This caliper from Accu-Measure is endorsed by the World Natural Bodybuilding Federation as the premiere body fat caliper on the market, probably because it’s easy to use, accurate, and affordable.
10. Camelbak Eddy+ Water Bottle ($15)
The Camelbak Eddy+ water bottle, however, is free from any harmful chemicals, easy to carry, drink from, and clean, and comes in a range of colors to suit everyone’s tastes.
11. Freshware Meal Prep Containers ($15.99)
To do it effectively, though, you need containers that can be easily stored, and that are safe to use in the freezer, dishwasher, and microwave.
These meal prep containers from Freshware fit the bill perfectly, and even include two separate compartments for keeping your main and side dishes separate.
12. WOD Nation Adjustable Jump Rope ($18.18)
Sometimes going to the gym to do cardio is inconvenient or impractical, especially when your schedule is crammed with holiday commitments.
A potential solution?
Jump rope at home.
Jumping rope not only burns a ton of calories, but it also improves your hand-eye coordination and gives you nearly endless new challenges in the form of new jumps, faster or slower speeds, and so forth.
This jump rope from WOD Nation is all you need to get your cardio done at home using minimal space and equipment.
13. SPRI Kettlebells (From $18.98)
Kettlebells may look a bit goofy, but they’re a very useful training tool for everyone from novices to veteran weightlifters. You can use them to target every muscle group in your body and build strength while increasing endurance.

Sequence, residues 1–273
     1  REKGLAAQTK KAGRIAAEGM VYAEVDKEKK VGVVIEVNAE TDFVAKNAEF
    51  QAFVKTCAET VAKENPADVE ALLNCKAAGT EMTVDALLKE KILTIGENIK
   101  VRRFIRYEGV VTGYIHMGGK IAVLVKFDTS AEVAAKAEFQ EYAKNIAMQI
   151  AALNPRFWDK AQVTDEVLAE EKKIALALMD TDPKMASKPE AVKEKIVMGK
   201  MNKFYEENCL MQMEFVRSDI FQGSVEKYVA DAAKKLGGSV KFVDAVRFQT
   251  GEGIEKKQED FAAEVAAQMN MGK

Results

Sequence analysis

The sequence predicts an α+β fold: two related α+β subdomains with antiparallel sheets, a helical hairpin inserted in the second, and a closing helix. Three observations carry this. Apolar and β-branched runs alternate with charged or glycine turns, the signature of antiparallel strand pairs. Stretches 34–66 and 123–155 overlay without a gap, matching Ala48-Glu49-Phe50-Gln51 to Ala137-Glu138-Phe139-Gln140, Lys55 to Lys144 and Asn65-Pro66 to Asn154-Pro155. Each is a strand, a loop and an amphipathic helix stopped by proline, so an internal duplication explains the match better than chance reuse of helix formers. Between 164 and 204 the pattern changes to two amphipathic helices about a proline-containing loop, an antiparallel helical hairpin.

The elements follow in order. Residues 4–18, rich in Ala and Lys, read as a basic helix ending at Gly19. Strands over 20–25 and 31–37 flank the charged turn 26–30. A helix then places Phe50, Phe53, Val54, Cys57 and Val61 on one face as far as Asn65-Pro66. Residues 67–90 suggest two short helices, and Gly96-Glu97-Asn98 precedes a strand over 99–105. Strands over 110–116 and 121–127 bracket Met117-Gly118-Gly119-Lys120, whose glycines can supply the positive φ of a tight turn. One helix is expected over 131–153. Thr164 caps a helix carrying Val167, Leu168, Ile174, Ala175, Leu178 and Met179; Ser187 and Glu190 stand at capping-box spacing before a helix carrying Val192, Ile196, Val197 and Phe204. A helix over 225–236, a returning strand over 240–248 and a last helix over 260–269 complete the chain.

In fact, kettlebell workouts are so effective they’ve been a primary tool in Russian bodybuilding and strength training since the 1700s. The term Girevik, traditionally used for only the strongest Russian men, actually translates to “kettlebell man.”
Some people enjoy using kettlebell exercises as their primary form of resistance training, in which case heavier weights are used. Others prefer to use kettlebell workouts as a form of whole-body circuit cardio, which calls for lighter weights and more repetitions.
SPRI have a great range of kettlebells that feature thick, authentic handles, and are coated in vinyl so they won’t scratch up your floor.
14. Chef’n VeggiChop Food Chopper ($19.95)
With just a few pulls of the handle, it chops and minces just about anything that you would normally have to do by hand, including veggies, fruits, herbs, and nuts.
It’s cheap, simple, and easy to clean. I highly recommend it.
15. Legion Apparel (from $19.99)
You work hard to build a body you can be proud of, so why not wear clothing that highlights it?
If you agree, then you’ll love Legion’s entire range of apparel. Will it help you hit new PRs? Probably not. Will it help you look good while doing so? Absolutely.
16. Liquid Grip Liquid Chalk ($21.99)